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News release

Associated links (R19W0320)

Undetected broken rail led to the 2019 crude oil train derailment and fire near Guernsey, Saskatchewan

Winnipeg, Manitoba, 5 October 2023 — Today, the Transportation Safety Board of Canada (TSB) released its investigation report (R19W0320) into the derailment of a Canadian Pacific Railway Company (CP) freight train near Guernsey, Saskatchewan, which resulted in the release of 1.77 million litres of crude oil.

On 9 December 2019, a CP crude oil unit train was travelling east on the Sutherland Subdivision when the crew observed a gap in the south rail approaching the Wolverine Road public passive crossing. As the head-end locomotive traversed the gap, a train-initiated emergency brake application occurred. Shortly after, crew members observed a large explosion behind them as the head-end locomotive and first car separated from the train. Subsequent inspection determined that 33 cars derailed, of which 20 tank cars had breached, and the released product ignited, resulting in a large pool fire that burned for nearly 24 hours. There were no injuries, and no evacuation was required.

The investigation determined that the south rail had likely failed under a previous train, causing an undetermined length of rail to break away and separate from the track and expose the rail ends. The condition of the track components (anchors, ties, and ballast) did not provide adequate resistance to the rail forces initiated by the cold weather at the time of the accident, which contributed to the breaking of the rail. Despite regular track visual inspections and ultrasonic rail flaw detection testing, which exceeded regulatory requirements, the broken rail went undetected before the arrival of the train.

Although the train was operated in accordance with the Rules Respecting Key Trains and Key Routes in place at the time of the occurrence, the train speed (44 mph) contributed to the number of cars that derailed, breached, and lost their product. If company risk assessments do not adequately consider increases in traffic tonnage, the use of heavier rail cars, and the potential for more rapidly degrading track structure, regular track maintenance activities may no longer be sufficient to maintain track to the required standards, increasing the risk of track infrastructure failures that lead to rail accidents.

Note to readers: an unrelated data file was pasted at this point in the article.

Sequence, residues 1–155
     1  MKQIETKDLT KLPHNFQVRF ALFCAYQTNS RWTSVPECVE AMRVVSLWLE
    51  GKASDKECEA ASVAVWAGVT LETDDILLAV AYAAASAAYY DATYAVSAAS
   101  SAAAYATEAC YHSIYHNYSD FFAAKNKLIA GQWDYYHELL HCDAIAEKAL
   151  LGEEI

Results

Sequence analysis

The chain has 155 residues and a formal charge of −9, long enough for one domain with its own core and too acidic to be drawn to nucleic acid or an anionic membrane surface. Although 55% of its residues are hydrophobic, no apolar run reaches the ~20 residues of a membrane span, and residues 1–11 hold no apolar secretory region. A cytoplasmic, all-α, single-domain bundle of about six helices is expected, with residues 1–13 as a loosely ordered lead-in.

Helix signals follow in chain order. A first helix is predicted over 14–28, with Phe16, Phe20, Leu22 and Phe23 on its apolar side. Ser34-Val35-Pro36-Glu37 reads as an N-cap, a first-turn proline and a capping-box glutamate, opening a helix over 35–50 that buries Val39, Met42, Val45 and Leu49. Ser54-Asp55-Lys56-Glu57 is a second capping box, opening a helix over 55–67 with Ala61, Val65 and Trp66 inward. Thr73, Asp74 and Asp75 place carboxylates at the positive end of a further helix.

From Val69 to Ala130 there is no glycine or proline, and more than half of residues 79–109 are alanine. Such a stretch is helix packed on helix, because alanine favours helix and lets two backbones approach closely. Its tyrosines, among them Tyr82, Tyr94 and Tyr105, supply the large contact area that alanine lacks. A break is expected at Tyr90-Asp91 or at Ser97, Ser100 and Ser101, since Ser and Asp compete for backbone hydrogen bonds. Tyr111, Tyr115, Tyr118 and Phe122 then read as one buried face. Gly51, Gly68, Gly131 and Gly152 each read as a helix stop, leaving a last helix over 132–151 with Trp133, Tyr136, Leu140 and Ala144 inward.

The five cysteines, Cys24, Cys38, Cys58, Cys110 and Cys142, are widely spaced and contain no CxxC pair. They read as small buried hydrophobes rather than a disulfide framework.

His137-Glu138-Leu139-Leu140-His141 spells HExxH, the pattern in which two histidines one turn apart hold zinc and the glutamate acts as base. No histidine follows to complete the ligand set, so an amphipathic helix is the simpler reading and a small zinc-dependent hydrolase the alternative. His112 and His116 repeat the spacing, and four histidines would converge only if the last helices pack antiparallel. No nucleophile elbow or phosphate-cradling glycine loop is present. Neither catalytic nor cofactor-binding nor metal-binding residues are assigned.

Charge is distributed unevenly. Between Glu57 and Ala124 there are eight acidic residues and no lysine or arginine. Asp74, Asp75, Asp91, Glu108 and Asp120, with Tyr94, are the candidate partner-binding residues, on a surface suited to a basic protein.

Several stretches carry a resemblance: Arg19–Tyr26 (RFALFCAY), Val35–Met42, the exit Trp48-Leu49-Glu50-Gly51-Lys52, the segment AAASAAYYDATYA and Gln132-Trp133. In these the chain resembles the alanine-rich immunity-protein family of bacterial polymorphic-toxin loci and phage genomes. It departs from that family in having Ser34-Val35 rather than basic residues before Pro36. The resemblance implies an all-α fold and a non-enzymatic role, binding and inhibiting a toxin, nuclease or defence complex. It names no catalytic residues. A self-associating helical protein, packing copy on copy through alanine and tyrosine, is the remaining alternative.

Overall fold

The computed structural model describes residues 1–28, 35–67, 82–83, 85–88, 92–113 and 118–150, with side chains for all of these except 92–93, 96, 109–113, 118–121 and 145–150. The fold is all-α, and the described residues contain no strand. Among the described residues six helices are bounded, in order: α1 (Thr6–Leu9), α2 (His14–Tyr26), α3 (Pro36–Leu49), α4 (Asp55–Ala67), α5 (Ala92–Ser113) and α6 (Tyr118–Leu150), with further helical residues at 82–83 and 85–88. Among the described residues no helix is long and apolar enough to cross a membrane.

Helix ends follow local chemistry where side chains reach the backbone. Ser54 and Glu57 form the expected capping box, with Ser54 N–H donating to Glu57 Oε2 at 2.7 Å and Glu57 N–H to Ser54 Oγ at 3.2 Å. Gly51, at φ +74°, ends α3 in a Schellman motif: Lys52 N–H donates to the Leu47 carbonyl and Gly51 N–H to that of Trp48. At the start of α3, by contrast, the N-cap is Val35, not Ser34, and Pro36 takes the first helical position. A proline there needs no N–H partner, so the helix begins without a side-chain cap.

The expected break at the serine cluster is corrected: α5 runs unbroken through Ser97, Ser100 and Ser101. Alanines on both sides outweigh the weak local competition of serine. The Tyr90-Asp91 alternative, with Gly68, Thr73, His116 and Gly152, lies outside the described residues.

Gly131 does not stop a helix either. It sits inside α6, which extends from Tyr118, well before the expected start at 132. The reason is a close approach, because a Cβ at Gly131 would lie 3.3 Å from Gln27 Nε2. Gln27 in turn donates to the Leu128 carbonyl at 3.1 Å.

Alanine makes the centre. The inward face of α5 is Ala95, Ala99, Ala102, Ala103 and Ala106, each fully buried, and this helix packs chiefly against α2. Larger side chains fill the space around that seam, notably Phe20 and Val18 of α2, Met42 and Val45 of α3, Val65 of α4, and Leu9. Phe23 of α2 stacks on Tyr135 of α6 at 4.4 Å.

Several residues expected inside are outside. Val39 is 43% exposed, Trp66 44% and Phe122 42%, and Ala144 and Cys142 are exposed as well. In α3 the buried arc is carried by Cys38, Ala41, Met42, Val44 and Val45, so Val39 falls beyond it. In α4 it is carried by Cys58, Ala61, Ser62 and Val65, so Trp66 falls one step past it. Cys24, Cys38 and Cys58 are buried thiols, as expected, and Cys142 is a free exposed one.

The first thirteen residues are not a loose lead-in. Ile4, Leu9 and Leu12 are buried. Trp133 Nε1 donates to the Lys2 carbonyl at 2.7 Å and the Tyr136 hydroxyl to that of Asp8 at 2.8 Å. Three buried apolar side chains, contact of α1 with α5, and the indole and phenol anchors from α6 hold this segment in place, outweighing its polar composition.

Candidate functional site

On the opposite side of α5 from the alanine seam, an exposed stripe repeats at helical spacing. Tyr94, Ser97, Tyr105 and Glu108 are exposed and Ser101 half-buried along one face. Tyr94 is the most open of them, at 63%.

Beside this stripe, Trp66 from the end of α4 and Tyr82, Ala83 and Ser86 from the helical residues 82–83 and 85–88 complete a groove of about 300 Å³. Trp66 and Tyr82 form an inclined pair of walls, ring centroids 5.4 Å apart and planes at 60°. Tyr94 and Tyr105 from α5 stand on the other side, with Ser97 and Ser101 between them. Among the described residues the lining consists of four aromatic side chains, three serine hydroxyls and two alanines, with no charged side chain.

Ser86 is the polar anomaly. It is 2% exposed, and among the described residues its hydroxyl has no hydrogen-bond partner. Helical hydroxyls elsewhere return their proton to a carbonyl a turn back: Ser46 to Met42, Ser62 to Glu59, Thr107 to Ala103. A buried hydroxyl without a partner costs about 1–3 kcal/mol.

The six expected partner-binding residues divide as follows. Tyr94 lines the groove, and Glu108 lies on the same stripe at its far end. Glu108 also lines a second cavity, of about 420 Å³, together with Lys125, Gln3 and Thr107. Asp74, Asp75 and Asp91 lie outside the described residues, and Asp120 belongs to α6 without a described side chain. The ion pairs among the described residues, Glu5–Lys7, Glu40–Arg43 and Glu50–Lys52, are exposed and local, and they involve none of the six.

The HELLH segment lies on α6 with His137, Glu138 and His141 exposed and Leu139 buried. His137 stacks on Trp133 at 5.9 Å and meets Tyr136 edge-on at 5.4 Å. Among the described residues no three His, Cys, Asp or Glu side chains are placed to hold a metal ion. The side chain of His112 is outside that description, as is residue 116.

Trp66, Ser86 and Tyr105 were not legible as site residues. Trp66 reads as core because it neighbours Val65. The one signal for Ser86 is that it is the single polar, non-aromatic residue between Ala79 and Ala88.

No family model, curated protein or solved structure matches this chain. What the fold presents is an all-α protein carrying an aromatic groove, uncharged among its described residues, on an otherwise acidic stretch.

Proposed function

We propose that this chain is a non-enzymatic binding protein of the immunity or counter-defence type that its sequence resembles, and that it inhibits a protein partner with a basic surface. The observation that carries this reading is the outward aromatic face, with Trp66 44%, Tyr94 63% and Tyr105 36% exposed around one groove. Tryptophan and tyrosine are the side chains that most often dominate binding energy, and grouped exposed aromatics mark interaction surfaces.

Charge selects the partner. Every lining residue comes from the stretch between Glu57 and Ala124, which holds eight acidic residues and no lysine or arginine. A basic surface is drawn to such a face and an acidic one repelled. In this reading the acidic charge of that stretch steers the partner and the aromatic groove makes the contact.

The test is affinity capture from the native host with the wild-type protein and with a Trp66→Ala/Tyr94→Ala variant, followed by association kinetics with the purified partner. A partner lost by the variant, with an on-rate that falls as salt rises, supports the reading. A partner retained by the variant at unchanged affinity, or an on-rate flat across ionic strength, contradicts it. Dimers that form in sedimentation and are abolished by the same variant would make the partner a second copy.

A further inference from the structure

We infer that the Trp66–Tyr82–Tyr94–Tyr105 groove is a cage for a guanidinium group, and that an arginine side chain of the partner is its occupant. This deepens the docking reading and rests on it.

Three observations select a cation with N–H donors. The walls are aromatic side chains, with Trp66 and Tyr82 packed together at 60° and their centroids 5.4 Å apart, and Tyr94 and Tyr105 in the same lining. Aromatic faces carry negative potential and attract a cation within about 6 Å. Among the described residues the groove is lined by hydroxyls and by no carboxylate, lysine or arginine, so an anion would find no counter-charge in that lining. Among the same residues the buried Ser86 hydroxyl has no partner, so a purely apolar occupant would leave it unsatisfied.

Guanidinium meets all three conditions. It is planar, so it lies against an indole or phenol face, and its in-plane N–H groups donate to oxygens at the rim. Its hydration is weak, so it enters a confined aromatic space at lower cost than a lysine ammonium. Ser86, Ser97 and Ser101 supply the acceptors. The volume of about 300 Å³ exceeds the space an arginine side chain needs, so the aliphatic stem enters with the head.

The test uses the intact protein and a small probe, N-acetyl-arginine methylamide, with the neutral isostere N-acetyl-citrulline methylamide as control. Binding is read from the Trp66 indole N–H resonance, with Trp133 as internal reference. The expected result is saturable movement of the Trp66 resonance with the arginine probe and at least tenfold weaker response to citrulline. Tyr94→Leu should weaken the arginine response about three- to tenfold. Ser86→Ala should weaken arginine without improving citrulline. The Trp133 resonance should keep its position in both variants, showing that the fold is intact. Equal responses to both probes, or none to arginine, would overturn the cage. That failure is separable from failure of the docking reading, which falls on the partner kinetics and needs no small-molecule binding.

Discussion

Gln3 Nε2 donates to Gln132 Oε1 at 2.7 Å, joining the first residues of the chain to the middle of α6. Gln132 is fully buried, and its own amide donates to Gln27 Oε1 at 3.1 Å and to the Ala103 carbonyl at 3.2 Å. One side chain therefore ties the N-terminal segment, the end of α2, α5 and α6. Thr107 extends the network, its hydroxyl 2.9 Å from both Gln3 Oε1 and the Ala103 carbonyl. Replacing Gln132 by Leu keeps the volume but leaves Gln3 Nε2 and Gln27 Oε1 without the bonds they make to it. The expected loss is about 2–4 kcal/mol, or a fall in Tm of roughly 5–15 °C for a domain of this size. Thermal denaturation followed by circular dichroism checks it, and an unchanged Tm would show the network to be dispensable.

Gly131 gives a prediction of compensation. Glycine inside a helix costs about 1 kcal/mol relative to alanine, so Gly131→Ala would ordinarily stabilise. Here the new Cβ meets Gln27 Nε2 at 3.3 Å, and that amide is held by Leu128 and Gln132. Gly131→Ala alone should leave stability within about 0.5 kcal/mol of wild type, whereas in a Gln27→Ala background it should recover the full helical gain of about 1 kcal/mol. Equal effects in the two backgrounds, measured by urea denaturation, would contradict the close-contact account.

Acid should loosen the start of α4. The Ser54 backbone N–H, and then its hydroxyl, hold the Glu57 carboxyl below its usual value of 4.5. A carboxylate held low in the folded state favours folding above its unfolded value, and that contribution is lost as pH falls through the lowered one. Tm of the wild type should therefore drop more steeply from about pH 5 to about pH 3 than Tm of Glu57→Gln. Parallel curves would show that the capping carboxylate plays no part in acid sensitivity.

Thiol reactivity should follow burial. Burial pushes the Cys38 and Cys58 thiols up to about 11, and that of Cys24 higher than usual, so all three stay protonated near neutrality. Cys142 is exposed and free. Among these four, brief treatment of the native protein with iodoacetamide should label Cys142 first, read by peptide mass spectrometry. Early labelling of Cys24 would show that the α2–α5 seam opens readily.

Following this accident and a second serious CP crude oil unit train derailment near Guernsey, Saskatchewan on 6 February 2020 (R20W0025), the TSB issued rail safety advisories 02/20 and 03/20 to Transport Canada (TC). In response, TC issued ministerial orders instructing the rail industry to revise the Rules Respecting Key Trains and Key Routes, and Rules Respecting Track Safety. The rules were subsequently revised and now contain a number of safety improvements related to the operation of key trains and the inspection and maintenance of track infrastructure.

Since this occurrence, CP has implemented a number of safety measures including a wayside system for detecting rail breaks in non-signalled territory, such as the Sutherland Subdivision, increased its number of autonomous track geometry measuring systems, and upgraded the track infrastructure on the Sutherland Subdivision.

See the investigation page for more information.

The TSB is an independent agency that investigates air, marine, pipeline, and rail transportation occurrences. Its sole aim is the advancement of transportation safety. It is not the function of the Board to assign fault or determine civil or criminal liability.

For more information, contact:
Transportation Safety Board of Canada
Media Relations
Telephone: 819-360-4376